Protecting Data by Being More Open

In the last few weeks, friends of mine — savvy friends of mine — have been hit by sites that ask for your gmail, yahoo, or hotmail password just so they can “check to see if your friends are using the site!” Quechup, the so-called “social network that’s sweeping the globe” is accomplishing that grand goal by spamming your friends without your permission. So is Shelfari. And so are many others I don’t know of, I’m sure.

Of course, this is fraud. But do we really expect the FTC or any branch of law enforcement to be able to pursue all the ethically challenged small companies and off-shore sites that will engage in this kind of deception? I don’t think that’s practical.

At first I was upset at sites like LinkedIn that ask for gmail/yahoo/hotmail passwords, or platforms like Facebook’s. Even though they are not apparently abusing the credentials, they’re still getting users accustomed to the concept of entering one site’s password on a different site. But if you look at it from the LinkedIn point of view, what choice do they have? How can they properly integrate with your address book when the big three haven’t developed (or at least haven’t publicized) an API for other apps to integrate with your address book?

I think I know why: the user’s address book is the crown jewel. Let it be accessed by others, and users might get their services elsewhere. But frankly, I have no sympathy for the big providers who achieve lock-in via this method. It’s my data, I’m storing it with gmail, I should be able to let any application I want get access to it if I choose. And, more importantly, gmail should provide a convenient and secure approach for me to do this. Someone wants to spam my address book? There should be an API for doing that, with a nice friendly Google warning that says “you’re about to spam 150 of your friends, is that okay?”

If Google doesn’t provide the API, then LinkedIn has to ask for passwords and log in to Google as if it were me, so it can do the things that Google only lets me do. The good sites, like LinkedIn, and the bad sites, like Quechup, become indistinguishable. Reasonable security advice, like “don’t give your password to anyone” becomes moot. In other words, by failing to provide an API, Google is encouraging poor security practices because everyone wants an API, so they’re finding the quickest fix, and the quickest fix is to ask for your password and take total, unmitigated control.

So Google, Yahoo, and Microsoft: please protect my data. Protect my data by providing a door with a good and flexible set of locks so I can let people in when and how I want. Otherwise, I’ll have to let people break in through the window, and once that window’s broken, I have no control left. And that’s bad for everyone.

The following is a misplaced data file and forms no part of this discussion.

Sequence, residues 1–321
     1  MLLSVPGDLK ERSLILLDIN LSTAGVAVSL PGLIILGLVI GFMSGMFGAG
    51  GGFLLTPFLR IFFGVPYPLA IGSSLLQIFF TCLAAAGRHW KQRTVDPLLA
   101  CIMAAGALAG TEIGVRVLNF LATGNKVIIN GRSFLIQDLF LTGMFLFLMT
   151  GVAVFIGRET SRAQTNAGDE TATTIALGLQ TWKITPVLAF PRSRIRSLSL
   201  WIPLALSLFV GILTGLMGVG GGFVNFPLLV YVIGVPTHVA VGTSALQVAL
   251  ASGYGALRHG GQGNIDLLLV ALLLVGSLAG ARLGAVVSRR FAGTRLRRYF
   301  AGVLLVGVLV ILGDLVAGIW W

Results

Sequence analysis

update: I put Shelfari in the same category as Quechup based on a friend’s experience. Going through the site myself, I have to apologize to Shelfari, because they’re not deceiving the user the same way Quechup is: they do tell you they’re about to “invite friends.” The message could be clearer, and having a default of spamming everyone is not the right approach. But it’s not user deception, and I apologize to them.

12 thoughts on “Protecting Data by Being More Open

  1. Adam: sure, I didn’t mean to imply that Google is keeping my data completely hostage. What I mean by an API is something that a 3rd-party site can integrate with using a web user interface. You click on “integrate with gmail,” you get sent to gmail, where you authorize the app to read your contacts, and it gets a token to access you contacts, or maybe an interface to directly send mail to your contacts if you authorize it. A bit like the Flickr API, or the Facebook platform.

    But it has to be something that your average user can use. You shouldn’t have to download and re-upload a file.

  2. Adam: sure, I didn’t mean to imply that Google is keeping my data completely hostage. What I mean by an API is something that a 3rd-party site can integrate with using a web user interface. You click on “integrate with gmail,” you get sent to gmail, where you authorize the app to read your contacts, and it gets a token to access you contacts, or maybe an interface to directly send mail to your contacts if you authorize it. A bit like the Flickr API, or the Facebook platform.

    But it has to be something that your average user can use. You shouldn’t have to download and re-upload a file.

  3. I am an employee of Shelfari and found your blog a bit disconcerting.